Living alone is preferable for many, but for men, it could spell trouble for their health. According to a new study, men who live alone have a higher risk of inflammation, something that could affect different aspects of their health.
The study was published in the journal BMJ, and it looked at people’s health and their years living alone, analyzing over 4,835 blood samples of people with an average age of 54. Researchers kept track of participants’ breakups since these tend to preclude periods of solo living. While in women researchers found no negative side effects, men showed interesting findings.
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“We have found a significant association between partnership breakups or years lived alone and inflammation for men only, after adjustment for selected confounders,” study author Dr. Karolina Davidsen told CNN. Inflammation can refer to a lot of things, but researchers have found connections between it and people’s nervous system, suggesting that stress can trigger this physical response and increase the odds of heart disease and other adverse conditions.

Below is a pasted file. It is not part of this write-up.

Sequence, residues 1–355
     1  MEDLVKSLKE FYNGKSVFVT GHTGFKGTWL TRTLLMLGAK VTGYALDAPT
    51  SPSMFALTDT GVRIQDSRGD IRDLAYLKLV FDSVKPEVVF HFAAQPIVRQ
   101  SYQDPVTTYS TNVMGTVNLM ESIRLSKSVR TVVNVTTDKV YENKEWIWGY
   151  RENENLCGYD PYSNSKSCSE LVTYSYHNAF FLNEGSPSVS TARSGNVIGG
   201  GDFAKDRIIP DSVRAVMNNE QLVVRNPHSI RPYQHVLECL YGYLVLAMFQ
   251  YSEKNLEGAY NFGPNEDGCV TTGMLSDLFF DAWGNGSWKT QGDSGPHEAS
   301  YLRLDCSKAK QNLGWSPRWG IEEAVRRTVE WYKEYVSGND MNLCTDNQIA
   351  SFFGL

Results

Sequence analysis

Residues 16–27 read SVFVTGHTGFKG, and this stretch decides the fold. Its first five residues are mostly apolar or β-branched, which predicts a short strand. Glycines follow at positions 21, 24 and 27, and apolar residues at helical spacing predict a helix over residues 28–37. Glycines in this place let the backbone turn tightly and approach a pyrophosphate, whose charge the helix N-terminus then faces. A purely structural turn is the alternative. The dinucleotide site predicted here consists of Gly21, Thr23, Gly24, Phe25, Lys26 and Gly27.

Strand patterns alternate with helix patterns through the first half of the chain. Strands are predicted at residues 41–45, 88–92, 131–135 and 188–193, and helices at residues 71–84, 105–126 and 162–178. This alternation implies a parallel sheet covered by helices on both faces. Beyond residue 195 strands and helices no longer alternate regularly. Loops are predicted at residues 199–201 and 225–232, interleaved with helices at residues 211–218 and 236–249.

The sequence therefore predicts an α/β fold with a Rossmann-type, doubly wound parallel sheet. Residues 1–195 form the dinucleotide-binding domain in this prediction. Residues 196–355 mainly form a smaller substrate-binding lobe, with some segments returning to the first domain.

Dr. Davidsen says that while women didn’t report this finding, one reason for this could be the fact that there were fewer women in the study than men.
Living alone for long periods of time is not something that can be easily corrected, so researchers suggest fighting off these possible negative side effects by maintaining a healthy and active lifestyle, like eating healthy and keeping your body moving. Maintaining an eye on your feelings and keeping track of them could also be positive, helping people gauge whether or not they’re feeling lonely, supplementing this with time spent alongside friends and family.
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From a medical standpoint, this information could help health practitioners diagnose and support their patients better. Now that there are scientific studies that show evidence that single men are at higher risk of inflammation when compared to other groups, medical practitioners could advise their patients more accurately and build off of these findings.